The opening of the At-Risk World Heritage and Cyber Archaeology project at Geisel Library Monday morning marked the initiation of the Digital Media Lab’s first virtual reality experience. The Cave Automatic Virtual Environment, or CAVE kiosk, located in Geisel East, represents the halfway point in a two-year cyber-archaeology program that combines the efforts of UCSD, UCLA, UC Merced and UC Berkeley.
The kiosk features six 4K resolution television screens, each displaying part of a vivid image showcasing archaeological sites from Greece, Jordan, Egypt, Morocco and other at-risk cultural sites. All students and visitors can navigate the dig sites in virtual reality through the use of an Oculus Rift headset and an Xbox controller.
Read the Complete Article
Learn More About the Project and CAVE Kiosk (via Geisel Library, UCSD)
In addition to Geisel Library, 3-D kiosks are being installed at UC Merced’s Kolligian Library, UC Berkeley’s Phoebe Hearst Museum, and UCLA’s Fowler Museum—the latter two in 2017, said [Professor Tom] Levy. While the project’s most urgent goal is to preserve at-risk cultural heritage data and digital artifacts, the plethora of 3-D archaeological data will also be used to study, forecast and model the effects of human conflict, climate change, natural disasters and technological and cultural changes on these sites and landscapes.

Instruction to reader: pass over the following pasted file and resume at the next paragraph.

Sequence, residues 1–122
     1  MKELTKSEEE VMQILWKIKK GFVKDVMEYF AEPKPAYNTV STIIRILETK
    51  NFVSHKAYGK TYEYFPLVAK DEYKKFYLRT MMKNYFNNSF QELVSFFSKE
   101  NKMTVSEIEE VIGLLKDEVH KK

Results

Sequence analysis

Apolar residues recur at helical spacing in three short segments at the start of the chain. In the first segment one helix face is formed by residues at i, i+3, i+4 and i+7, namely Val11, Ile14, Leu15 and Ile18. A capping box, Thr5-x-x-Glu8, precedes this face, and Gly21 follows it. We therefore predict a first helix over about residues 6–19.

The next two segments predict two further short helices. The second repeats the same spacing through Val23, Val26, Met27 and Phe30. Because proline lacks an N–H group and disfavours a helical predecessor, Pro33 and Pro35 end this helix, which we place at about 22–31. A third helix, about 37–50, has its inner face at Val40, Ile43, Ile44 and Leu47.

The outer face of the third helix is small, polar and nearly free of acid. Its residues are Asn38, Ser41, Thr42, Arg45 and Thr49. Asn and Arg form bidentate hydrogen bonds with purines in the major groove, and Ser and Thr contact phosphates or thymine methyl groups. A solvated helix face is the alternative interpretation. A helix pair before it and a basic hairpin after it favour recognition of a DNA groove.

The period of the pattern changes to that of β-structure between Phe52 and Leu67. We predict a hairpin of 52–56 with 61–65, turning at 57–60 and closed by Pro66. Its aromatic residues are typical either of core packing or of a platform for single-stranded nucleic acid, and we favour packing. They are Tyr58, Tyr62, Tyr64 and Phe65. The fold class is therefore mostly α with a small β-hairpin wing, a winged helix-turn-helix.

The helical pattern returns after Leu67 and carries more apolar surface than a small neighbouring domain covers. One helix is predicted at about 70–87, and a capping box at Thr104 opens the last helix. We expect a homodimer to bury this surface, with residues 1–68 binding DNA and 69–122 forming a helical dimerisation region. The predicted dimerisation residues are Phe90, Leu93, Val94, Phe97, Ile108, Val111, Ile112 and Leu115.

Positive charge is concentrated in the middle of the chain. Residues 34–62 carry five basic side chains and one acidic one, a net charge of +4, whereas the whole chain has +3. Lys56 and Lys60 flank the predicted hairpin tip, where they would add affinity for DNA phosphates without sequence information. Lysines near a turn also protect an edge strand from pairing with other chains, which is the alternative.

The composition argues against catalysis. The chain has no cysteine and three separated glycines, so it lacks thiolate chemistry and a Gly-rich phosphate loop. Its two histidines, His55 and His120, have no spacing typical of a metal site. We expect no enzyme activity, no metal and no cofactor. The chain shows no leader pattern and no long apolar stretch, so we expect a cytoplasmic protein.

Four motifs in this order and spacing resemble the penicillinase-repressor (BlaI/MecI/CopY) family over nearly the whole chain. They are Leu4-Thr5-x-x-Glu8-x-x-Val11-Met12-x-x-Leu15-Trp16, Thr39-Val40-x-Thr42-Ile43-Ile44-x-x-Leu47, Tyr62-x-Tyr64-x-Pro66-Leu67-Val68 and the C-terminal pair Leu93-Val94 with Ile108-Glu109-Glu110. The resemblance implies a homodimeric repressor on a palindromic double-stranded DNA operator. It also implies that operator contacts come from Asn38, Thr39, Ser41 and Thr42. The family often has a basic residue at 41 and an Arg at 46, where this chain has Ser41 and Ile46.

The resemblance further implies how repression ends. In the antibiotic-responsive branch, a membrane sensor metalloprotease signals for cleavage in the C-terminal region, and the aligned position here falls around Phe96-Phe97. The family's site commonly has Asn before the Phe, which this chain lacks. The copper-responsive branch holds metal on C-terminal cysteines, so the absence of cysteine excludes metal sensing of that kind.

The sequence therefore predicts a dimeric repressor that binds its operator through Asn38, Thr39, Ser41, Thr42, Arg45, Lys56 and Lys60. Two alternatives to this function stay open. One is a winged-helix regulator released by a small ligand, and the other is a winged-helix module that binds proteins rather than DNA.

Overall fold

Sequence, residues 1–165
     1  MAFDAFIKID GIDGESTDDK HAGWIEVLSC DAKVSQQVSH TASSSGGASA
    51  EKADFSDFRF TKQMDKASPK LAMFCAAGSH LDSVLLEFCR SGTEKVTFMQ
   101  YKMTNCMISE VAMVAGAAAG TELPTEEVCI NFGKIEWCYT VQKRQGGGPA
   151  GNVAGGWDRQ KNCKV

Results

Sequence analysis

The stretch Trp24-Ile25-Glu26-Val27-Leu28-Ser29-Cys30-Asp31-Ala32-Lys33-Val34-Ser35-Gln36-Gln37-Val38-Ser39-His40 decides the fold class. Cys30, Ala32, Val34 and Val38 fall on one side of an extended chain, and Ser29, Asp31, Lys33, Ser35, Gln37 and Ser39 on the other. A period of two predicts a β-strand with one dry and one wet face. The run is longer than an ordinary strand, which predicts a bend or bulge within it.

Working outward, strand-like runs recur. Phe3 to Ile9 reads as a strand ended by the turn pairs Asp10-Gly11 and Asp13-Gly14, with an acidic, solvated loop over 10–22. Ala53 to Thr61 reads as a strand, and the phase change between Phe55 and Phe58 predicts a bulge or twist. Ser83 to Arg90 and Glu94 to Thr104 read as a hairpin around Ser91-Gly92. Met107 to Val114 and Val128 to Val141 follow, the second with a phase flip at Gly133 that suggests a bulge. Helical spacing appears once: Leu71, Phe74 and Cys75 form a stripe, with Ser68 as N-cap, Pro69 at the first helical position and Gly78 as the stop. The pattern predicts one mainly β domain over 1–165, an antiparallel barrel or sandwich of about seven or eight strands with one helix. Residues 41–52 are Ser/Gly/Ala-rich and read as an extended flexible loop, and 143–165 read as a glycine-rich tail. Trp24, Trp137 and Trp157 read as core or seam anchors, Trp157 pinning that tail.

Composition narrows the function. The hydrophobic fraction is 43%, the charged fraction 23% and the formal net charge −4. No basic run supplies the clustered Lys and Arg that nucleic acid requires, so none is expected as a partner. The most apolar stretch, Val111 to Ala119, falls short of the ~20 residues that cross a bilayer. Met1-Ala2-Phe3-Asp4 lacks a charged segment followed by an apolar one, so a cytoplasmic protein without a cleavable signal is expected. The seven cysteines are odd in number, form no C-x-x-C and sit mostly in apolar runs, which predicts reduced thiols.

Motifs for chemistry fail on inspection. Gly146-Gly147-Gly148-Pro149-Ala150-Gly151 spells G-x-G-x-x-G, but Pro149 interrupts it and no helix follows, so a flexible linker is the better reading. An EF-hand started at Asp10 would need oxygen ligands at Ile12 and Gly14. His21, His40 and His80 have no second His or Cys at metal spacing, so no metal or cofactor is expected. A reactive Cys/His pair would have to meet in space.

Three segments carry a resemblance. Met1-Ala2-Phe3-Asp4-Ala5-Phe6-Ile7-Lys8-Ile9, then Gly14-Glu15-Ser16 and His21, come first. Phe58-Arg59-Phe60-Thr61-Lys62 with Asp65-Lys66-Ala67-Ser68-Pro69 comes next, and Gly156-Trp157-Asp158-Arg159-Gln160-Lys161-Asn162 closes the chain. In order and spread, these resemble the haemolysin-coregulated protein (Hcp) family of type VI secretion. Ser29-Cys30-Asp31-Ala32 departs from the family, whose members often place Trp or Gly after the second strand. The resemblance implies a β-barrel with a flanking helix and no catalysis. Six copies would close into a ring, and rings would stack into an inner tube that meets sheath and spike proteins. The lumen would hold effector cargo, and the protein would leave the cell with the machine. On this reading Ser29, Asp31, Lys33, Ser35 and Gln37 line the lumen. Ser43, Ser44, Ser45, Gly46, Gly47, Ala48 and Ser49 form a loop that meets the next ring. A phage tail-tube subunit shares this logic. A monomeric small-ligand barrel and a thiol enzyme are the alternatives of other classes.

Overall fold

“We are thrilled to have the 3-D CAVEkiosk in Geisel Library,” said Brian Schottlaender, UC San Diego’s University Librarian. “The Library is a place for discovery, collaboration, and creativity, and the hundreds of students who come to Geisel each day will be stimulated and inspired by what Tom Levy and his UC partners are trying to accomplish. I’m also pleased that the Library’s Research Data Curation team is in on the ground floor of this important effort, and is preserving these vast amounts of data in our long-term digital preservation repository.”